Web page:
.

IMO, this article is right on. I am not saying I agree with the left but it seesm that this is where we are headed in reaction to the excesses of the miracle economy and the social injustice that has resulted. Brown will have to go, of course, as he was the architect of the miracle and became the archetypal champagne socialist.

People are sick of the greed, the second home buying, the outrageous cost of living caused by HPI, the destruction of families and dislocation, the debt, the worship of house values, BTL, EAs........

Cameron is DIW and I think Old Labour are due for a resurgence. Ironic that it will be in reaction to a NuLabour miracle government.

I have to say I am starting to agree with this sort of sentiment. Only this morning I was wondering which decidedly unpalatable party I will be voting for in the next election. It WONT be any of the big three- and I suspect- they will also not be the choice of many others either..

Edited by KingCharles1st

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I have to say I am starting to agree with this sort of sentiment. Only this morning I was wondering which decidedly unpalatable party I will be voting for in the next election. It WONT be any of the big three- and I suspect- they will also not be the choice of many others either..

The part that RB has highlighted is a perfect description of this nation 2007.

The worst part for me is that the government and the lefty liberals claim to listen and 'want' to make a difference but all they do is talk, they never walk the walk.

Gordon Brown says that one of the sadest things he's seen during his time in government is that communities have been destroyed by HPI and people can no longer afford to live in the area that they were brought up in and where there family lives.............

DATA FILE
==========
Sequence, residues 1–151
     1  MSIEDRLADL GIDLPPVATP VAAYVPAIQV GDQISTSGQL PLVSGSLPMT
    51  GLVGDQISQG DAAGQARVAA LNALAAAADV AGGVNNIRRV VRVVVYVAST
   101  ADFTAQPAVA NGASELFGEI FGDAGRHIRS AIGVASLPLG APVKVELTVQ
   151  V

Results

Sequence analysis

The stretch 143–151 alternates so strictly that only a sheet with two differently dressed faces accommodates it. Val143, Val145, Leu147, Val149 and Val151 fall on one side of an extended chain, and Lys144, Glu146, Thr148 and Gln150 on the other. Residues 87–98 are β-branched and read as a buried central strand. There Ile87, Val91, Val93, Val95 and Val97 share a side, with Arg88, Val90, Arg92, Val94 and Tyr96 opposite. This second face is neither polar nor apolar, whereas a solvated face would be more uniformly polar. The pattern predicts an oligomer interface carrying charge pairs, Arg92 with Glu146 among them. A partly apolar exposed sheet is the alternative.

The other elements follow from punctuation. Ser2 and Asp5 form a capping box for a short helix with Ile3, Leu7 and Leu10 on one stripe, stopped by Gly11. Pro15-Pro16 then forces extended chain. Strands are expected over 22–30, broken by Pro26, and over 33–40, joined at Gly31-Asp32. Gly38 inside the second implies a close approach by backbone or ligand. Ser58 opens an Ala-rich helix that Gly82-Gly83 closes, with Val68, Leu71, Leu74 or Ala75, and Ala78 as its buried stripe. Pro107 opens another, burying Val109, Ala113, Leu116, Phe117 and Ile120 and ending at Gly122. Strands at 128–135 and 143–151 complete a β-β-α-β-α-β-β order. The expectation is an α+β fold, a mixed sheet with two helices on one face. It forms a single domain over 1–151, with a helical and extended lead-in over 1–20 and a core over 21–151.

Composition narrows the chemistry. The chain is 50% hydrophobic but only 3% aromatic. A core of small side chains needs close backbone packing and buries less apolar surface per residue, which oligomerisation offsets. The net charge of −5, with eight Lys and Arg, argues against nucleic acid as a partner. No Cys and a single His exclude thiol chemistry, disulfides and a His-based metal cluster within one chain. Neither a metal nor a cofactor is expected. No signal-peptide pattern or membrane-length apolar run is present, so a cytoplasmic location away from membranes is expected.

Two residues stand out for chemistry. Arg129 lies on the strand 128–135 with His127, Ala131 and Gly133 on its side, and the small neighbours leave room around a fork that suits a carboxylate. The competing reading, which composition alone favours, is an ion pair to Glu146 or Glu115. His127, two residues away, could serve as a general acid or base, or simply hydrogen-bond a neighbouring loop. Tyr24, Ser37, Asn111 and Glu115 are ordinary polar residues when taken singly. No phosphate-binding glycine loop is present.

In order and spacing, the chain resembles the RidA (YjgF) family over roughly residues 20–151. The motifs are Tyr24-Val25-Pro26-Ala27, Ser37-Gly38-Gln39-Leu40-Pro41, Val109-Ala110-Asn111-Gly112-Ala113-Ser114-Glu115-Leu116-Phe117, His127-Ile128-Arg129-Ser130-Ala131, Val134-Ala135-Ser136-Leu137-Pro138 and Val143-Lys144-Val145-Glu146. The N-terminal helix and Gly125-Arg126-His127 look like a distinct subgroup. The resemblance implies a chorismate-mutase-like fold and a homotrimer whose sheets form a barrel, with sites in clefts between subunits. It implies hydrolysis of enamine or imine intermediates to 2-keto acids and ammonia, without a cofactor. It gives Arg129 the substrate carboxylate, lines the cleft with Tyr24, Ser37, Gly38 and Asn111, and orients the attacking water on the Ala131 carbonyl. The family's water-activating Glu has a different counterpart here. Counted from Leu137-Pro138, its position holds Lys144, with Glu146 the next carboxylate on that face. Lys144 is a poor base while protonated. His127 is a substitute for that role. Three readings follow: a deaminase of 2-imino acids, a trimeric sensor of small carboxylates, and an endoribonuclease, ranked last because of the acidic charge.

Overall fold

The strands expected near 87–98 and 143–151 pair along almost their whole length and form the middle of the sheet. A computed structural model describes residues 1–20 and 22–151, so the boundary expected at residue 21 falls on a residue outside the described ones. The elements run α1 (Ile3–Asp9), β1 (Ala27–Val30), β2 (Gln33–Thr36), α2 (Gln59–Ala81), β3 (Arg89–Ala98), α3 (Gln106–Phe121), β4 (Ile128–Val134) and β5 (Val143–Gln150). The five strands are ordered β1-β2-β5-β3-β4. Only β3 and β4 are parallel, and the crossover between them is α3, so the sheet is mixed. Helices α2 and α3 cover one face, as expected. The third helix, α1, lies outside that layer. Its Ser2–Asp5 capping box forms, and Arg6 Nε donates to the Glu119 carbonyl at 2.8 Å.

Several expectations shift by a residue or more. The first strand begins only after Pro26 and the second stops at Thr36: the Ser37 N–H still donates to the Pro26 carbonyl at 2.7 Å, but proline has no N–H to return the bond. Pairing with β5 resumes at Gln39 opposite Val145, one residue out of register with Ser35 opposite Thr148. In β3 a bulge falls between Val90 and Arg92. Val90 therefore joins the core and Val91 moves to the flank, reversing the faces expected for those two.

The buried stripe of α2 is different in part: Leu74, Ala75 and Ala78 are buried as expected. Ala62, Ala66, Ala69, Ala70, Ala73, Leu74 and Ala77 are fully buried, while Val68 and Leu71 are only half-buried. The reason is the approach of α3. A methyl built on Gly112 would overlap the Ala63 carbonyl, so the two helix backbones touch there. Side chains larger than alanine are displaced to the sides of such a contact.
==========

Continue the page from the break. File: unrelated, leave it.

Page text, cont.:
NO SH1T. It took you this long to realise this??? It's been happening in parts of London for 30 years and in all of London and many other other parts of the country.

OK, so what are you going to do about it Gordo? My bet is on lots more talking, lots more hot air and absolutely no action.

Same with immigration, talk talk talk, no action.

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http://politics.guardian.co.uk/gordonbrown...2143755,00.html
If we keep pushing Brown, a bounce could turn into a seismic moment
The progressive left today has a once-in-a-generation opportunity to dramatically shift the political centre of gravity
Neal Lawson
Wednesday August 8, 2007
The Guardian
The skilfully engineered bounce witnessed in the first days of Gordon Brown's premiership could be turned into something more: a political earthquake. The time is ripe not just for a better Labour government but for a shift in the centre of gravity of politics decisively to the left. Brown could be the first Labour leader since Clement Attlee to recast British society - not by taking small steps but giant leaps. This is why...../
Today the free market is not the solution, it is the problem. Every pressing issue we face demands a collective response - climate change and flooding, terrorism, the
housing crisis
, insecurity at work,
immigration
and the ageing population. Neoliberalism promised a utopia but has failed to deliver. Britain has become a hideously unequal society. The poor are not treading water but sinking beneath the rising tide of the rich. But the middle classes are struggling, too. Insecurity and anxiety abound. Working harder to keep up on the treadmill of the learn-to-earn consumer society is deepening our social recession. We are at a tipping point
.